BLITZER: Thanks very much for that, Abbi.

Some people on the left apparently right now unhappy with the way Barack Obama's Cabinet is taking shape.


UNIDENTIFIED MALE: I'm very concerned that some people in this administration are not going to be the change that we thought might happen. It is a concern. I would like to see maybe somebody like a Bill Richardson, who has advocated for a complete withdrawal from Iraq even when he ran in the primaries.


BLITZER: But are they already starting to turn on the president- elect even before he takes office?

Also, Rahm Emanuel, Barack Obama's incoming White House chief of staff, meeting with congressional Republicans today. What role will they play in the new administration?

And tens of thousands of workers waiting to see if Washington will come to the auto industry's rescue.


UNIDENTIFIED MALE: It scared me to death at first. But then, you know, after listening to the news a little bit and everything, we have high hopes that things will be all right within the next few weeks.



BLITZER: To our viewers, you are in THE SITUATION ROOM.

Happening now: Barack Obama has not taken even office yet, and already some liberals are not happy with some of his decisions. We are going to hear about their concerns -- their concerns -- about the president-elect's Cabinet.

Also, a powerful national security Republican advising president- elect Barack Obama right now on some of the major issues he will be facing in the Oval Office. We are going to tell you what is going on.

Plus, the vote on bailing out automakers now put on hold, as Democratic leaders in the Congress tell the Big Three what they must do to get even a penny of a $25 billion bailout -- all of this, plus the best political team on television.

I'm Wolf Blitzer. You are in THE SITUATION ROOM.

You may be surprised by what we have learned here at CNN today -- Barack Obama getting some advice from an unlikely source. And that is also raising eyebrows because of what it might mean for the Defense Department, the national security apparatus, under Barack Obama.

Our White House correspondent Ed Henry has more from Chicago -- Ed.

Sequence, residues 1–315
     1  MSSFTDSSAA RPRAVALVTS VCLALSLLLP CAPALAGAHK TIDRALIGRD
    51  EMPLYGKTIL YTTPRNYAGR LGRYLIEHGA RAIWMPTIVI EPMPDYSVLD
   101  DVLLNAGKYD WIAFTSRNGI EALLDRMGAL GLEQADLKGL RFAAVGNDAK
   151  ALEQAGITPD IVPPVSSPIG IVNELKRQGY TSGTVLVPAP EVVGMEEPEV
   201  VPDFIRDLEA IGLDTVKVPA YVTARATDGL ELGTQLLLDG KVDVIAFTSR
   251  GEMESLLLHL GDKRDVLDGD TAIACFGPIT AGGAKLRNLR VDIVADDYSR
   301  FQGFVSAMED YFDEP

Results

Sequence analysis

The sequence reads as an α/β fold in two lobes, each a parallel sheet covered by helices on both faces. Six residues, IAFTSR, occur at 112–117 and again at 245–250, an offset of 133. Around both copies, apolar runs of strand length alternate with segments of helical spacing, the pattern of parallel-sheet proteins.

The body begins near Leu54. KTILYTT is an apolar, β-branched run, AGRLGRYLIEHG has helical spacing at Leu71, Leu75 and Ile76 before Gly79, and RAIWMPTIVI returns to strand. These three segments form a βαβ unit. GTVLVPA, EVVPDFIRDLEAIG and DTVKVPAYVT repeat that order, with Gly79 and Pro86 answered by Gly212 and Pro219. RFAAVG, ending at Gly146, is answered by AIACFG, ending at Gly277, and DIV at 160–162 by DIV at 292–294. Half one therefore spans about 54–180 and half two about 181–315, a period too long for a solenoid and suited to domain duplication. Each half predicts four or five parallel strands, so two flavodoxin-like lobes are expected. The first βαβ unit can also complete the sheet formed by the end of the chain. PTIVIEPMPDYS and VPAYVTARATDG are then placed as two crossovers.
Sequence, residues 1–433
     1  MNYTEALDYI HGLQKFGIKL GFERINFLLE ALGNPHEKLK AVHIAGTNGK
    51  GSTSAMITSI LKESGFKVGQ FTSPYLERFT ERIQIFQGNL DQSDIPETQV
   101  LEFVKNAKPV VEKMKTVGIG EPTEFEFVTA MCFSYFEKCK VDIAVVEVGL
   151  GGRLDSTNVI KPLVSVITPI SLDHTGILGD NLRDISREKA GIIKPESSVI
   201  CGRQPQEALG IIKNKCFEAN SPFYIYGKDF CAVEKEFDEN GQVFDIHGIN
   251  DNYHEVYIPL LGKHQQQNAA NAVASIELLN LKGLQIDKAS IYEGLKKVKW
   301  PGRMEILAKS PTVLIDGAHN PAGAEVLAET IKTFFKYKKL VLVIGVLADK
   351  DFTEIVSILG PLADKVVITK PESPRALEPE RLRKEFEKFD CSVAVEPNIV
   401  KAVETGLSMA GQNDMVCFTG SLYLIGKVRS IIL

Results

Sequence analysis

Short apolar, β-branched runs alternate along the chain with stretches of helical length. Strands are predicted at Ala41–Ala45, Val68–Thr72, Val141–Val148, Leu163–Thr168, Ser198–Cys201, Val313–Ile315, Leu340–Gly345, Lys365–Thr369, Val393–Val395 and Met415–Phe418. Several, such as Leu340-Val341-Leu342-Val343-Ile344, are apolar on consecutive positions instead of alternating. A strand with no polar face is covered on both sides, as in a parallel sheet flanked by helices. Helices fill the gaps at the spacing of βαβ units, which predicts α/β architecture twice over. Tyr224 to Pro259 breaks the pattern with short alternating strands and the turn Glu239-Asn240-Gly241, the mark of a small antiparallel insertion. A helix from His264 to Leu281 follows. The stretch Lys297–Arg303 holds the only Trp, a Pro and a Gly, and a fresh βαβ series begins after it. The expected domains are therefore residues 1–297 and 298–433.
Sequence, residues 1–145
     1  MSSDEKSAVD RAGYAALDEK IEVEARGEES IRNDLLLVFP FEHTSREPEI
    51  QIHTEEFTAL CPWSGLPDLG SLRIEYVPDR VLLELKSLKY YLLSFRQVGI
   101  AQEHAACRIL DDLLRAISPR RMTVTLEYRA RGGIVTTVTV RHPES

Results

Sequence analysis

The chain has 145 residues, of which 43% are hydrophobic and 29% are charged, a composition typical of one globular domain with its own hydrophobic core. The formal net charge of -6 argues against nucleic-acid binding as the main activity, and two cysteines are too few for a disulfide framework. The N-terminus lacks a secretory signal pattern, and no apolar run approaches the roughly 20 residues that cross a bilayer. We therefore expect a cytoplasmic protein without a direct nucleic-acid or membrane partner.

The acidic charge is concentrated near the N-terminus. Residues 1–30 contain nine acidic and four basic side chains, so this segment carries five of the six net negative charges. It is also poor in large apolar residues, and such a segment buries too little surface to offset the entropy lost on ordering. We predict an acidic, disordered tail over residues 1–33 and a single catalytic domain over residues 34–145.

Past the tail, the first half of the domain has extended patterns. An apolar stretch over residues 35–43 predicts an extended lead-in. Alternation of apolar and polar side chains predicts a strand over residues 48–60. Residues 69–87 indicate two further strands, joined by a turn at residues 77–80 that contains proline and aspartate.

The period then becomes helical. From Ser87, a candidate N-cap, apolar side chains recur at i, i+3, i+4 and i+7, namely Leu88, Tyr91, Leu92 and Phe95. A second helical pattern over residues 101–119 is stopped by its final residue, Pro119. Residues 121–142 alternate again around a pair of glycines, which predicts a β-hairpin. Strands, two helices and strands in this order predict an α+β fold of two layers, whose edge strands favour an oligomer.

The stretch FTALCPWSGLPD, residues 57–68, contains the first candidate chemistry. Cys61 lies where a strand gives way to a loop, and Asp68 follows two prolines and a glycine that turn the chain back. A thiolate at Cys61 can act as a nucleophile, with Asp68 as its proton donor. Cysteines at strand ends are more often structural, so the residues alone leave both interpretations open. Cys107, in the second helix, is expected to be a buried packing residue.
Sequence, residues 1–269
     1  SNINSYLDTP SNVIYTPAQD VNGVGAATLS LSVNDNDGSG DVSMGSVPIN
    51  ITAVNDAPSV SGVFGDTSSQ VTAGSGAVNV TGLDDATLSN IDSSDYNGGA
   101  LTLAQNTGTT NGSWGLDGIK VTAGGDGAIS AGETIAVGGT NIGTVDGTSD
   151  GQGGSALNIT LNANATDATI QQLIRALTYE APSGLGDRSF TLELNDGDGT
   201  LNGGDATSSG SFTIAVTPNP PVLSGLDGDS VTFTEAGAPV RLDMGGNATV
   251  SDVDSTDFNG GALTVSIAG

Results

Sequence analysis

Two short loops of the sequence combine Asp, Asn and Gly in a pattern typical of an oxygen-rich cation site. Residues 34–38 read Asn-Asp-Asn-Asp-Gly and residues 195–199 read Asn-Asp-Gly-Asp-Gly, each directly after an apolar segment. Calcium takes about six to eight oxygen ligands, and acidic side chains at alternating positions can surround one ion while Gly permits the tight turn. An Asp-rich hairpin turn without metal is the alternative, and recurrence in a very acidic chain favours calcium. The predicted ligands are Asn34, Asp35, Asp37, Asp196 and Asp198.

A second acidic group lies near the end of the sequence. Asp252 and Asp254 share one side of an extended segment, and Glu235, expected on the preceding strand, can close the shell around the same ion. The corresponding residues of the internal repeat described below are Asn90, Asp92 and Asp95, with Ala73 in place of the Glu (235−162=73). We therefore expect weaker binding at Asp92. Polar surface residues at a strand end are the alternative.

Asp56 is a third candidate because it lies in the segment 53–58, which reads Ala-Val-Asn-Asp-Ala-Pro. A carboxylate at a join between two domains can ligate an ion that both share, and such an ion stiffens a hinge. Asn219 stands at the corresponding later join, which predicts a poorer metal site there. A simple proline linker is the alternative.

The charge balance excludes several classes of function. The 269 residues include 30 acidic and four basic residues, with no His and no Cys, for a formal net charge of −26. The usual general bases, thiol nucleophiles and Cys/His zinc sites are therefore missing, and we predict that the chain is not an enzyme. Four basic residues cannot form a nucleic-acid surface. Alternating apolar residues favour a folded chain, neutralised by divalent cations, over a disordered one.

ED HENRY, CNN WHITE HOUSE CORRESPONDENT: Wolf, some new information that the president-elect is getting private advice from a close ally of Defense Secretary Robert Gates, which may be a sign that Gates could stick around in a Democratic administration.

(voice-over): Guess who has been privately talking to president- elect Barack Obama about foreign policy? Republican Brent Scowcroft, national security to former President George Herbert Walker Bush.

Scowcroft, who opposed the war in Iraq, is a fierce critic of the current Bush administration's approach.

BRENT SCOWCROFT, FORMER NATIONAL SECURITY ADVISER: Yes, I think we have developed in the Republican Party a -- well, the buzzword for it is neoconism. But I think what it is, it is a ideology -- it is really an idealistic approach to things, but it is a combination -- combination of idealism and, if you will, brute force.

HENRY: Two sources familiar with the conversations confirm to CNN that Obama has been reaching out to Scowcroft for phone chats even before he ran for president. And it has continued in recent days.

A senior Obama aide told CNN the president-elect -- quote -- "respects and admires General Scowcroft's bipartisan, pragmatic approach to foreign policy and looks forward to continuing the dialogue with General Scowcroft, as well as other key Republicans, Democrats and independents, to get the very best advice." What makes the conversations intriguing, Scowcroft is very close to Defense Secretary Bob Gates, at a time when the president-elect is thinking about keeping Gates on the job.

And Scowcroft recently said it would be a wise move for Obama.

SCOWCROFT: I actually think it would send the kind of signal that I think the president-elect intends -- or what he spoke about in his campaign. And that is that we need to work together. We need to work as Americans. And I think -- I think giving Bob Gates some more time to do the kinds of things he's doing would be a very wise course of action.


HENRY: A senior Obama aide told me not to read too much into these conversations, that Obama was an admirer of Scowcroft long before he was putting together a cabinet.

But I can tell you, several foreign policy insiders are reading the tea leaves and wondering whether Scowcroft could emerge as sort of a go-between for Obama and Gates -- Wolf.

BLITZER: Ed Henry.

He's covering the transition for us in Chicago.

Barack Obama is receiving highly classified government briefings, but it appears some secret information is still off limits to his transition team

Let's go straight to our Pentagon correspondent, Barbara Starr -- Barbara, it involves the Pentagon, the Defense secretary. Some sensitive stuff out there.

BARBARA STARR, PENTAGON CORRESPONDENT: Wolf, the transition is underway here. But a lot of secrets are still being kept -- and the ultimate one is what Bob Gates will do.


STARR (voice-over): Behind closed doors, Defense Secretary Robert Gates had his first meeting with President-Elect Barack Obama's transition team. The meeting, scheduled for 45 minutes, focused on the immediate military issues facing the new administration.

But for now, the Obama team isn't getting access to the big secrets. A Pentagon memo spells out that "disclosure of sensitive information about current military operations and intelligence will not be provided until arrangements for security clearances are worked out."